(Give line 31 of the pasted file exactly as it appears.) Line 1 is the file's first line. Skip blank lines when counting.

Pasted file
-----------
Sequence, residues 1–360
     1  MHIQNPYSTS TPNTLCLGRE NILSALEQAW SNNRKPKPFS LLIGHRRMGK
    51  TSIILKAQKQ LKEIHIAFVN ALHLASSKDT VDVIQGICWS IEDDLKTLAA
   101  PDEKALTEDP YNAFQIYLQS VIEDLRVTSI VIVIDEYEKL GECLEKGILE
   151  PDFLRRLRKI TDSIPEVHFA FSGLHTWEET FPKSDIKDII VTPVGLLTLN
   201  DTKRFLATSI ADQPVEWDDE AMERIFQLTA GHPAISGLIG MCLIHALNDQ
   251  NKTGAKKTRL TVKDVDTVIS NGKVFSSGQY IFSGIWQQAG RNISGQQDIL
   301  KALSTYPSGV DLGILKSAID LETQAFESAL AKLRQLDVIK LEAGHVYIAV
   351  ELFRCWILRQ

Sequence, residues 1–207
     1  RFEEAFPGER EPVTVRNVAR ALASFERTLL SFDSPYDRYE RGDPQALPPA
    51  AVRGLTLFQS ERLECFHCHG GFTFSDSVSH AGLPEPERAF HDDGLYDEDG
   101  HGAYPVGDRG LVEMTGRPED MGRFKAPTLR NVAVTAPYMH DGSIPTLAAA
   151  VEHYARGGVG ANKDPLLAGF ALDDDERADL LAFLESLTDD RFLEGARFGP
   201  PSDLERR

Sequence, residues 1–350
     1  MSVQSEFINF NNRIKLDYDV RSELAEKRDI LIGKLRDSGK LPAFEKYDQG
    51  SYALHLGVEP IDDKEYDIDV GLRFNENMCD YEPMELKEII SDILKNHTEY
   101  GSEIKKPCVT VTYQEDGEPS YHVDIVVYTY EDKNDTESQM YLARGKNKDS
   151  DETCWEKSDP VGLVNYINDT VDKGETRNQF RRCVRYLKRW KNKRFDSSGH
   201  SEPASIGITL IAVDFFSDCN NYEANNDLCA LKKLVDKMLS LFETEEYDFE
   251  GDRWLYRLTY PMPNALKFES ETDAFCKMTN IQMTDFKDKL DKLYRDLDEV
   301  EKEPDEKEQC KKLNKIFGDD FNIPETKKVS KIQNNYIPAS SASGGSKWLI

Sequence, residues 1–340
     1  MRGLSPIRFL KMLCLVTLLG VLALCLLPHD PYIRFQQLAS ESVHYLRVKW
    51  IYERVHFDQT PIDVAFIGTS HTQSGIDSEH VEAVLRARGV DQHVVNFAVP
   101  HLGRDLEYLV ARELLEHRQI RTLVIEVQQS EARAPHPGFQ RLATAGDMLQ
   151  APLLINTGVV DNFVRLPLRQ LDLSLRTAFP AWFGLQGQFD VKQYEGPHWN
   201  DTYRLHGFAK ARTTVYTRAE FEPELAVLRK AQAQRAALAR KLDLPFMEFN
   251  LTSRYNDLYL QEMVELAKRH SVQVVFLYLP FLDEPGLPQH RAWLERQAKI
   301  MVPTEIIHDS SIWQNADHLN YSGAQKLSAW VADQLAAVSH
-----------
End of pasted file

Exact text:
   301  MVPTEIIHDS SIWQNADHLN YSGAQKLSAW VADQLAAVSH